the photoshooter's journey from taking to making

THE OTHER TMI

Technical execution here is almost what's needed, but the concept still needs work. Write the shot off to practice.

Technical execution here is almost what’s needed, but the concept still needs work. Write the shot off to practice.

By MICHAEL PERKINS

THE WORST SOCIAL FAUX PAS OF OUR TIME may be the dreaded “TMI”, or the sin of sharing Too Much Information, creating awkward moments by regaling our friends with intimate details of our recent colostomies or carnal conquests. Funny thing is, much as we hate having this badge of uncoolness pinned to our chest, we commit its photographic equivalent all the time, and without a trace of shame.

I’m talking about the other TMI, or Too Many Images.

Let’s face it. Social media has encouraged too many of us to use the Web as a surplus warehouse dump for our photographs, many of them as ill-considered as a teenage girl’s hair flip. We’ve entered an endless loop of shoot-upload-repeat which seldom contains a step labeled “edit”. Worse, the vast storage space in our online photo vaults encourage us to share everything we shoot without so much as a backwards glance.

I’m suggesting that we take steps to stop treating the internet like an EPA Superfund site for images. I have tried to maintain a regular schedule of viewing the rearmost pages of my online archives, stuff from five years ago or longer, learning to ruthlessly rip out the shots that time has proven do not work. The goal is to force myself to re-think my original intentions and make every single photograph earn its slot in my overall profile. There are, by my calculation, three main sub-headings that these duds fall under:

The original idea for this shot is fairly strong, but my execution of it left something to be desired. Like execution.

The original idea for this shot is fairly strong, but my execution of it left something to be desired. Like execution.

A bad idea, well executed. Okay, you nailed the exposure and worked the gear to a “T”, but the picture has no story. There’s nothing being communicated or shared. Just because it’s sharp and well-lit doesn’t mean it deserves to stand alongside your stronger work.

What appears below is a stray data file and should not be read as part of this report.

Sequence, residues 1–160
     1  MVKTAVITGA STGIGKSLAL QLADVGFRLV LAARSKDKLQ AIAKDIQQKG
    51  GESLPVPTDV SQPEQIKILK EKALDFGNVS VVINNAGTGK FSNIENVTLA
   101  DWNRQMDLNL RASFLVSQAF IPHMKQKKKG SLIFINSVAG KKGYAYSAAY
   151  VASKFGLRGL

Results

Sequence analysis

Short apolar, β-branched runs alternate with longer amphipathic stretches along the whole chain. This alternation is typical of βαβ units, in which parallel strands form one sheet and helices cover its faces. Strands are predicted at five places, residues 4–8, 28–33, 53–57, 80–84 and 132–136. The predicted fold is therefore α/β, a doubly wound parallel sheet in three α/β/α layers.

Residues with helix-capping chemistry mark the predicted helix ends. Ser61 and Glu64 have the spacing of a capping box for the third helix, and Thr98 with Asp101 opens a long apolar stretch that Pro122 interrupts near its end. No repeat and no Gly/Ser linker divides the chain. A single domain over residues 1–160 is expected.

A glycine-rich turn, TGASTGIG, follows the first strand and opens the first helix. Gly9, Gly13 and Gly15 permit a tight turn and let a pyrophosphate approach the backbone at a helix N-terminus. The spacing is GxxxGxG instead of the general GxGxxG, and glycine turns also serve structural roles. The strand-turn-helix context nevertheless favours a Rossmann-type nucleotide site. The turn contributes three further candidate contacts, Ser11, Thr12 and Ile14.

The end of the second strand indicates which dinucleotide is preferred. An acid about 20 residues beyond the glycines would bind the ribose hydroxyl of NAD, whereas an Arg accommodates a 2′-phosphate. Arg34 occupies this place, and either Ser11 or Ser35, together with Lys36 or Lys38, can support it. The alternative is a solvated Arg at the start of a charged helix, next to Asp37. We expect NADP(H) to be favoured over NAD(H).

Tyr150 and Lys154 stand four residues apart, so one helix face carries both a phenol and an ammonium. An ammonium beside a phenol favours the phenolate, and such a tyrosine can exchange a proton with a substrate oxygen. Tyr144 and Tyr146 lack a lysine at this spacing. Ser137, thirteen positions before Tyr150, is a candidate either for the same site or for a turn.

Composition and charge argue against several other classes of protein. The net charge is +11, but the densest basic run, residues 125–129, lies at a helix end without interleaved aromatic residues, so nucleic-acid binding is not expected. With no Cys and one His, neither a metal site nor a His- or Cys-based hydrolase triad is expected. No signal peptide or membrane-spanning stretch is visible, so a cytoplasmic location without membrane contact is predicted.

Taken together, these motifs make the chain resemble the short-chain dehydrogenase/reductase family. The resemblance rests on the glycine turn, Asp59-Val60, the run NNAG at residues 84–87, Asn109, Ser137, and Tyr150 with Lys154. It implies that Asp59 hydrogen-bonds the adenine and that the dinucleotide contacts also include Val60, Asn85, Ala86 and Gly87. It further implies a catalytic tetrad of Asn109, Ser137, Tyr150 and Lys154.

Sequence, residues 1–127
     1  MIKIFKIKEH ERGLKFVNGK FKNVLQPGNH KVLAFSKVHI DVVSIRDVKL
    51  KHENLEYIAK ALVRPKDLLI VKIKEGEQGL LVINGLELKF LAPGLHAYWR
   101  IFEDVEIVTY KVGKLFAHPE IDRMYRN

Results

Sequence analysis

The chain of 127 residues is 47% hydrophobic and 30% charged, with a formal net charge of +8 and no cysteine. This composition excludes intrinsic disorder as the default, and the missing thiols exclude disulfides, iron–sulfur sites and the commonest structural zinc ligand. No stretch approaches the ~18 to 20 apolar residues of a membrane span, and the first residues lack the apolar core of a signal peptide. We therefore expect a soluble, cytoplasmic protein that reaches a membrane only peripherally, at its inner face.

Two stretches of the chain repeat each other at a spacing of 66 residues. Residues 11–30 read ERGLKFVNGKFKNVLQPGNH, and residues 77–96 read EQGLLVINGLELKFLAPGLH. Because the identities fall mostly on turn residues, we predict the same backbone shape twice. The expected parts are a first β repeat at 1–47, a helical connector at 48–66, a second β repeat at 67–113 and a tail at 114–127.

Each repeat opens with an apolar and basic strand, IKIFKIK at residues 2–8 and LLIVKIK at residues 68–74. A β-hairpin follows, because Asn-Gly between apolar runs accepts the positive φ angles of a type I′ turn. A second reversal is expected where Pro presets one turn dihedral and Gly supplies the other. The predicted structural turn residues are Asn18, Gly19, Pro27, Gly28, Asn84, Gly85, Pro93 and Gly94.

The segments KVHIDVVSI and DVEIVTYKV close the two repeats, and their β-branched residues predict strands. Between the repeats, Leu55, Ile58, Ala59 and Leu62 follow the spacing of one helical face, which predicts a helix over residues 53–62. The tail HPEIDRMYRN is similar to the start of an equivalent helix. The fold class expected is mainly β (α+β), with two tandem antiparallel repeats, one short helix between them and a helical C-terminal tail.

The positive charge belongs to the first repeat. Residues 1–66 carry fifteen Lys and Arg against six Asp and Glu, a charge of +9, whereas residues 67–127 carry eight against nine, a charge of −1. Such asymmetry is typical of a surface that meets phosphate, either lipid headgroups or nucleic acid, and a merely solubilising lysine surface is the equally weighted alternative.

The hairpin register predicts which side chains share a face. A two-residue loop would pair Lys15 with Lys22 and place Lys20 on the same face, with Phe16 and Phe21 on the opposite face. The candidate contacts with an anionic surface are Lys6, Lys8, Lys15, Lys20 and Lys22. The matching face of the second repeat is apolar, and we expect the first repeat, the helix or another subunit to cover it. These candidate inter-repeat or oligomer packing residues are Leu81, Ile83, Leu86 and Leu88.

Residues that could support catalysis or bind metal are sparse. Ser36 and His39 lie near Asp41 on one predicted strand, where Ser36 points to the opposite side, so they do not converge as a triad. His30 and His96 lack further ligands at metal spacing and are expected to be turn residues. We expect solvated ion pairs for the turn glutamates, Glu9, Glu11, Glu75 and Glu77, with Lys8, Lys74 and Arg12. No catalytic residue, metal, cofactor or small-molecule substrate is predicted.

A good idea, poorly executed.  Hey, if you believe so strongly in the concept, go back and do it right. Don’t give yourself a pass on bad technique because it was a noble effort.

An incomplete idea, which means it wasn’t even time to take the picture at all. Maybe you didn’t know how to get your message across, for whatever reason. Or maybe if you got the conception 100% right, it still wasn’t strong enough to jump off the page. The litmus test is, if you wouldn’t want someone’s random search of your stuff to land on this shot instead of your best one, lose it.

Online stats make some of these tortured choices a bit easier, since, when you are looking at low figures on shots that have been available forever, it’s pretty clear that they aren’t lighting up anyone’s world. And as lame as view and fave counts can be, they are at least an initial signal pointer toward sick cows that need to be thinned from the herd. The cure for photographic “TMI” is actually as easy as shooting for long enough to get better. With a wider body of work viewed over time, the strong stuff stands out in bolder contrast to the weaker stuff. And that shows you where to wield the scissors.

 

 

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2 responses

  1. This is a great post. You managed to make me laugh as well as thoughtfully consider my shots and get over my fear of deleting images. Let the purge begin!

    July 31, 2015 at 12:10 PM

    • Thank you so much. A little humor goes a long way as we kind of bounce and stumble along our path to improvement. And we need to remember that many of the greatest photographers of all time were either great editors, or worked for people who were. Cheers and come back anytime!

      July 31, 2015 at 1:18 PM

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